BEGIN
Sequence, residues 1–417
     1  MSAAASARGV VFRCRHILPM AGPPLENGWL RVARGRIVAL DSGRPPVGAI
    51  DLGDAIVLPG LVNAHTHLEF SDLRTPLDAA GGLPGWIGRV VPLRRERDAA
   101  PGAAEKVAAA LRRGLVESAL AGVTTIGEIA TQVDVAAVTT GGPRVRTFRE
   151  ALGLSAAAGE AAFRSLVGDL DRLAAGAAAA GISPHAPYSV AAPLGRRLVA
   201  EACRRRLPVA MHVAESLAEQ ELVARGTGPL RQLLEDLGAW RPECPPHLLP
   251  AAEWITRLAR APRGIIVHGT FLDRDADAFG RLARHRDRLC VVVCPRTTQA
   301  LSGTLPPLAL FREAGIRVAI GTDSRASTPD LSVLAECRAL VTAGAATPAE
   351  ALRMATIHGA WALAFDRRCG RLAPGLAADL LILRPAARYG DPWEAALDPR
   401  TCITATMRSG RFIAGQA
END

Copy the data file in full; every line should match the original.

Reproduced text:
Sequence, residues 1–417
     1  MSAAASARGV VFRCRHILPM AGPPLENGWL RVARGRIVAL DSGRPPVGAI
    51  DLGDAIVLPG LVNAHTHLEF SDLRTPLDAA GGLPGWIGRV VPLRRERDAA
   101  PGAAEKVAAA LRRGLVESAL AGVTTIGEIA TQVDVAAVTT GGPRVRTFRE
   151  ALGLSAAAGE AAFRSLVGDL DRLAAGAAAA GISPHAPYSV AAPLGRRLVA
   201  EACRRRLPVA MHVAESLAEQ ELVARGTGPL RQLLEDLGAW RPECPPHLLP
   251  AAEWITRLAR APRGIIVHGT FLDRDADAFG RLARHRDRLC VVVCPRTTQA
   301  LSGTLPPLAL FREAGIRVAI GTDSRASTPD LSVLAECRAL VTAGAATPAE
   351  ALRMATIHGA WALAFDRRCG RLAPGLAADL LILRPAARYG DPWEAALDPR
   401  TCITATMRSG RFIAGQA